The middle was the hardest to pull through, consisting of a lot of nothing. I knew some of it was important, though the rest seemed just like a dull waste of time. Until some sentence or other would pull me back in again. I still can’t get over reading about someone staying over at someone’s house for only 10 days and how ‘short a stay it would be’! Um. Ten days is not very short. I understand carriage rides aren’t exactly the same as driving along in nice comfortable cars, but that doesn’t mean I want all of my relatives to come live with me for months on end.

I can see why this book has been recommended to me by friends, teachers, and enemies. (Alright, maybe that was a lie, but I’m assuming they’d like it, too.) Yes, I did like the entire romance aspect of it. (What girl can resist that? Seriously? Seriously.) I could perfectly picture all of the settings, and the strict social rules as well as the ideals of each social class.

This book made me laugh so much! The little insights on everything were delightful. Many of them were still relevent to today, and I could easily see connections to people like Elizabeth and Darcy to those living now. One of my favorite quotes from the book has to be, “As soon as they were gone, Elizabeth walked out to recover her spirits; or, in other words, to dwell without interruption on those subjects that must deaden them more.” Okay, so who doesn’t do that? I know that I do, and most of the people I know do this as well. See? Still relevent! And people say they can get nothing out of classic literature. By ‘people, I here mean my fellow classmates.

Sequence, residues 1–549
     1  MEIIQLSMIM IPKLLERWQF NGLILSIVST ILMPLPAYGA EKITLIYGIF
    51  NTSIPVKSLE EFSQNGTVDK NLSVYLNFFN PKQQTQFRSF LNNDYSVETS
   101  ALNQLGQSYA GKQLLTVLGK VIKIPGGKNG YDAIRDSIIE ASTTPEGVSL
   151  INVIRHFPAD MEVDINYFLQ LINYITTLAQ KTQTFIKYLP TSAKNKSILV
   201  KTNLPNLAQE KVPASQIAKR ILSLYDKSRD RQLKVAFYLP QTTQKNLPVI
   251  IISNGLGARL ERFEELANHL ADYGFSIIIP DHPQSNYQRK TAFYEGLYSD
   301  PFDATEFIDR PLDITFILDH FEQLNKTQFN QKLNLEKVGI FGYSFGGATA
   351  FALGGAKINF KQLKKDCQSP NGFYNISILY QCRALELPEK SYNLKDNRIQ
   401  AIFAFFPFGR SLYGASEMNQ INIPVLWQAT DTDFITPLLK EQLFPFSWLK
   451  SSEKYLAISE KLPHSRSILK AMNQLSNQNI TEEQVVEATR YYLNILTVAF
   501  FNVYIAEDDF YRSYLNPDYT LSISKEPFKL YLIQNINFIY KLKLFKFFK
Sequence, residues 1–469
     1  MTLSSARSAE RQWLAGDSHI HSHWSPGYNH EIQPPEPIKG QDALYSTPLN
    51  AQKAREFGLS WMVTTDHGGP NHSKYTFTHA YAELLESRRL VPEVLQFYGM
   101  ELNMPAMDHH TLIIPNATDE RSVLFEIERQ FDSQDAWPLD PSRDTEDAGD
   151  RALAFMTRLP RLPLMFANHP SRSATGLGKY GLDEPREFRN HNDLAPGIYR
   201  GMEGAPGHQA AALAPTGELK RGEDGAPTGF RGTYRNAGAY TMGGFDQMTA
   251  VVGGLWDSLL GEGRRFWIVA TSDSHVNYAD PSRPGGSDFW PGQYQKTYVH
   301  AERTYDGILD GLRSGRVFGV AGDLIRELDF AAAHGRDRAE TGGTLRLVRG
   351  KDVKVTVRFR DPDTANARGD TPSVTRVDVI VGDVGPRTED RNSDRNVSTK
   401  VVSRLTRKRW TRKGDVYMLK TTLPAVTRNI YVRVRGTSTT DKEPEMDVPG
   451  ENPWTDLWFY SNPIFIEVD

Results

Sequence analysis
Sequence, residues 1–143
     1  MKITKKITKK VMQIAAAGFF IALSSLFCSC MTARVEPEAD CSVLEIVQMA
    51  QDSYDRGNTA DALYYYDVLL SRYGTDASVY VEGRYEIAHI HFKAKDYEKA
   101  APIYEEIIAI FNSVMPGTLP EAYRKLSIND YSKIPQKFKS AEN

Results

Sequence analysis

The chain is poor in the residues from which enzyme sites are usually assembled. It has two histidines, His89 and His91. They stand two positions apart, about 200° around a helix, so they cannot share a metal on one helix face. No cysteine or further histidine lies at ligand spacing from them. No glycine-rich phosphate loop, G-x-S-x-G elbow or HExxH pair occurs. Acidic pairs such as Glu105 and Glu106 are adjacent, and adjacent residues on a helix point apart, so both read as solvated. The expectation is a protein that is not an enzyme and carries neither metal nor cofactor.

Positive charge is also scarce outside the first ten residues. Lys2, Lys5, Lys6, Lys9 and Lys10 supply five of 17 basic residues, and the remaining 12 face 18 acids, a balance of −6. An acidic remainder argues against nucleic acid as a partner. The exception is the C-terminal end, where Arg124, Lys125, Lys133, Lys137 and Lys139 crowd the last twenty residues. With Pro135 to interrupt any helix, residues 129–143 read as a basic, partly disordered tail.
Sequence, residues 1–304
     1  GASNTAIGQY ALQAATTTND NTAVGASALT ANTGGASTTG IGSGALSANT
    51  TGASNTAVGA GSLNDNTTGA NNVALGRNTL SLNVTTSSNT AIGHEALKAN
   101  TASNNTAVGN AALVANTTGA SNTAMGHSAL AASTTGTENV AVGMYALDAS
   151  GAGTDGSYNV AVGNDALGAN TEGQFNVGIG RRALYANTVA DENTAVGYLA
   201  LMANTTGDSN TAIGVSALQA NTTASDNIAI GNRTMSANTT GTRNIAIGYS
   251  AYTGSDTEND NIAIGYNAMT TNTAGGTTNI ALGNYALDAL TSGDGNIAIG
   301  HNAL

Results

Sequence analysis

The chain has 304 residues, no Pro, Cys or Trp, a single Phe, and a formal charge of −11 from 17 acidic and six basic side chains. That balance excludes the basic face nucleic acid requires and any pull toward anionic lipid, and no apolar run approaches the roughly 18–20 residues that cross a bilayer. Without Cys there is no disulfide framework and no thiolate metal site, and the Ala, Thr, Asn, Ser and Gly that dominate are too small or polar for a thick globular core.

If you’ve been tentatively considering reading this, or been intimidated by it, give it a go! You might just enjoy it as much as I did. (:

TIMELESS. 4/5 stars

4 stars · Fantasy · fiction · history · romance · series · young adult

A Great and Terrible Beauty by Libba Bray



A Great and Terrible Beauty

Author: Libba Bray

Pages [hardcover]: 403

Memorable Quote: “How can my ankles and arms be obscene?”

Favorite Characters: Pippa and her knight, Reginald

Summary:

A Victorian boarding school story, a Gothic mansion mystery, a gossipy romp about a clique of girlfriends, and a dark other-worldly fantasy–jumble them all together and you have this complicated and unusual first novel.